"It was in the RFP [Request for Proposal] that we were looking for better energy performance and that it would be a criteria in the contract," Burke explained.
Also, the Air Force’s Adaptive Versatile Engine Technology, or ADVENT, is a next-generation engine technology program designed to provide aircraft with both high-speeds and increased fuel efficiency.
"Adaptive engine technologies combine the best characteristics of both fuel efficient and high performance engines to achieve range improvements on the order of 25-30 percent and fuel efficiencies on the order of 25 percent for future combat aircraft," according an Air Force press statement.
Emerging out of the Air Force Research Laboratory, the ADVENT effort is joined by a companion effort to improve engine technology called Adaptive Engine Technology Development, or AETD.
"ADVENT and AETD technology-enabled propulsion has the potential to reduce Air Force fuel consumption through 2040 by 1.4 billion gallons, translating to a savings of $5.2B at the current "pump price" of JP-8 fuel," the statement reads.
Burke also mentioned the Navy’s current effort to build hybrid-electric big-deck amphibious assault ships. The USS America (LHA-6) and the USS Tripoli (LHA-7) are both part of what the Navy calls its now-in-development America-class Amphibious Assault Ships engineered with a hybrid-drive propulsion system, meaning the ships can use both diesel electric propulsion as well as gas-turbine engines.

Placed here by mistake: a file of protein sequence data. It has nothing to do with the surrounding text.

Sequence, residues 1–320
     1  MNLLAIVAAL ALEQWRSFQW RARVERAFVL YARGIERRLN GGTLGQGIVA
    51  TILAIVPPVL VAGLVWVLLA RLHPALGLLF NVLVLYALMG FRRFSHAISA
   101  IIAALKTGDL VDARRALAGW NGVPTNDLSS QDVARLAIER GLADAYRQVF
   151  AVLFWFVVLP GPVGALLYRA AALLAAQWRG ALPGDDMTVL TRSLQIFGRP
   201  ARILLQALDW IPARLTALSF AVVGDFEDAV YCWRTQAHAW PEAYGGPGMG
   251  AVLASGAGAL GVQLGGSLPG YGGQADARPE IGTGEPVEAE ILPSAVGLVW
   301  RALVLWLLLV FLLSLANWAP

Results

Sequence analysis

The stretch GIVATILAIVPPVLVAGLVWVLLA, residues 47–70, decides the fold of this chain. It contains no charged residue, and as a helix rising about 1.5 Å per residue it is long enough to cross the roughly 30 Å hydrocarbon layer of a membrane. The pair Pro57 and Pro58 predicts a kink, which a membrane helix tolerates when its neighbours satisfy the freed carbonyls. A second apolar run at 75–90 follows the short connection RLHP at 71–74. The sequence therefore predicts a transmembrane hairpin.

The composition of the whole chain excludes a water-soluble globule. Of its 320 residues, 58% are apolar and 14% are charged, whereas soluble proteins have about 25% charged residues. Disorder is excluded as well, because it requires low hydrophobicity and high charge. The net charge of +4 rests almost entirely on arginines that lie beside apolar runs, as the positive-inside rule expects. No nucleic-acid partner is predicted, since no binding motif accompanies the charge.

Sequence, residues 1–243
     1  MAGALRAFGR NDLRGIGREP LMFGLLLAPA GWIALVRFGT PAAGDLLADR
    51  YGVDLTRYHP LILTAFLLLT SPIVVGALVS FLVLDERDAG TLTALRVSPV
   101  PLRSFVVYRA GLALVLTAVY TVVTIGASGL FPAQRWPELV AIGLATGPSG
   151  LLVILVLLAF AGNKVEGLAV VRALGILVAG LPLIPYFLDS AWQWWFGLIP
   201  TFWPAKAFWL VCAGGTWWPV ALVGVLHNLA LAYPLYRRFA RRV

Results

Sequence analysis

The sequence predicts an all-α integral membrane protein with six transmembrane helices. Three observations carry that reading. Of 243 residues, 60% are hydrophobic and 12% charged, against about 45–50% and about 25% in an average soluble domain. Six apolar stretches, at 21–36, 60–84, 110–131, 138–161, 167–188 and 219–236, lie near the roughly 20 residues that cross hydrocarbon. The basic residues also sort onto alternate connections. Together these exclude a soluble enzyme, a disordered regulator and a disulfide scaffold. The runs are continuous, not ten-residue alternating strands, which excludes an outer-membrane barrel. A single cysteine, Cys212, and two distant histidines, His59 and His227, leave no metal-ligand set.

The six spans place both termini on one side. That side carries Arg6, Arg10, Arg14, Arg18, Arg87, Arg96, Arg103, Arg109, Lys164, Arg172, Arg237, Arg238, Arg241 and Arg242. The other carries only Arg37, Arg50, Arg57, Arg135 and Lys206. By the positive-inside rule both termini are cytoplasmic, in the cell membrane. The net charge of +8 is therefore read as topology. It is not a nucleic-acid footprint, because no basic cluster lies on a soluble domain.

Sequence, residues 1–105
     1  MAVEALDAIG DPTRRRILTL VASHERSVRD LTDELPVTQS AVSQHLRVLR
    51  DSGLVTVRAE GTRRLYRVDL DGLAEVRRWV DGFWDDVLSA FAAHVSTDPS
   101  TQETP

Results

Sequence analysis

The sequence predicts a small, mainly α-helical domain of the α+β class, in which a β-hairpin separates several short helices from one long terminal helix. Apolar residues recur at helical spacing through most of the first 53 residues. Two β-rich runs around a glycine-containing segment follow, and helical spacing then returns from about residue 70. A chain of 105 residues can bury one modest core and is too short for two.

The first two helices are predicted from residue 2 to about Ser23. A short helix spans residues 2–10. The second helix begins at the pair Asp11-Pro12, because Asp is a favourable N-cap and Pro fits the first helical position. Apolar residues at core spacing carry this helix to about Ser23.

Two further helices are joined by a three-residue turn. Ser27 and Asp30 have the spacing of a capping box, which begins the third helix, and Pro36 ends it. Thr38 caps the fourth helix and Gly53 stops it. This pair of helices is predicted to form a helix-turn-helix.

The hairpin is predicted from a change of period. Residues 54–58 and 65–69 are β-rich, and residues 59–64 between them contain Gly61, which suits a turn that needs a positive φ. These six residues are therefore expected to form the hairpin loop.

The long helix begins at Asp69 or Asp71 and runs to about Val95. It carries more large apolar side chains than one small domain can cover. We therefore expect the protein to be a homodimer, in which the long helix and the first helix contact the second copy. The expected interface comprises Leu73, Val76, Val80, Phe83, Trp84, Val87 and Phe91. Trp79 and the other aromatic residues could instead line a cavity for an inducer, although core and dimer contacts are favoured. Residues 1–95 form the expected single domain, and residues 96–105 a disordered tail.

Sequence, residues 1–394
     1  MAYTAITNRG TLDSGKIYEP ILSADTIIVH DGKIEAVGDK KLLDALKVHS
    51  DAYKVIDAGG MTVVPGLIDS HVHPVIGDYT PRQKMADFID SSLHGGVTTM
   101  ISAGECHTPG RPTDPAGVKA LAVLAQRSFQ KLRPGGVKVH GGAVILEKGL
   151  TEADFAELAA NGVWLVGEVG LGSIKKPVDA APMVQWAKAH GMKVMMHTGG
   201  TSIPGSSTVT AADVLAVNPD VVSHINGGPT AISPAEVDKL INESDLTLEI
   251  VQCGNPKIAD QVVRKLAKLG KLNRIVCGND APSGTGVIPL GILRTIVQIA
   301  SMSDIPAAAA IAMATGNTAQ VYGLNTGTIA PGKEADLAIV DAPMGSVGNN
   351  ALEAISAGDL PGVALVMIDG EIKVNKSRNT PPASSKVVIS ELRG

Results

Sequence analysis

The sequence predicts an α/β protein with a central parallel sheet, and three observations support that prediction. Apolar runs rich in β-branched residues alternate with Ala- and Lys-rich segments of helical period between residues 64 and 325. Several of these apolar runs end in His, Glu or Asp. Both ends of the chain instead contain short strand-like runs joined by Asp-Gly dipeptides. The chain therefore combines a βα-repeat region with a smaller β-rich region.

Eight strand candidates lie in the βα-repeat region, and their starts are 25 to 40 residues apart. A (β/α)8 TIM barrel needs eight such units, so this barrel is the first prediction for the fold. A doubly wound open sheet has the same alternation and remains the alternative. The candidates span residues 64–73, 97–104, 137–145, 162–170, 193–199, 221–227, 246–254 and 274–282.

Burke made the point that these hybrid-electric propulsion systems also afford greater occasion to produce on-board power for various computers, electronics and weapons systems such as lasers or an electromagnetic rail gun.
"If an amphib can go further and longer before it needs to refuel either at sea before going into port; that is an important operational gain. Also, we have so much more equipment on every platform that requires power so you can run those systems off of a hybrid electric drive rather than off of an engine," said Burke.
When it comes to ship propulsion, hybrid-electric propulsion involves a gas turbine engine as well as an electric motor and diesel generator. The electric motors can help propel the ship at speeds up to around 12 knots, and the generator can generate electricity for the ship.
When it comes to traveling at speeds greater than roughly 12 knots or so, the ship can then rely upon its gas turbine engine. At the same time, the generators can also provide on-board power for many of the ships systems such as sensors, weapons and other electronics, according to Navy officials.
The Naval Sea Systems Command recently released a "Naval Power Systems Technology Development Roadmap," designed to pave a technological path forward regarding the increased demand for power on ships.
At the same time, reducing fuel costs are also a substantial part of the Navy’s "Great Green Fleet" initiative wherein an entire USS Nimitz Carrier group, including both ships and air assets, were successfully powered by a 50-50 blend of biofuels and traditional fuel during last-year’s Rim of the Pacific, an international maritime exercise.
|Technology Kris Osborn|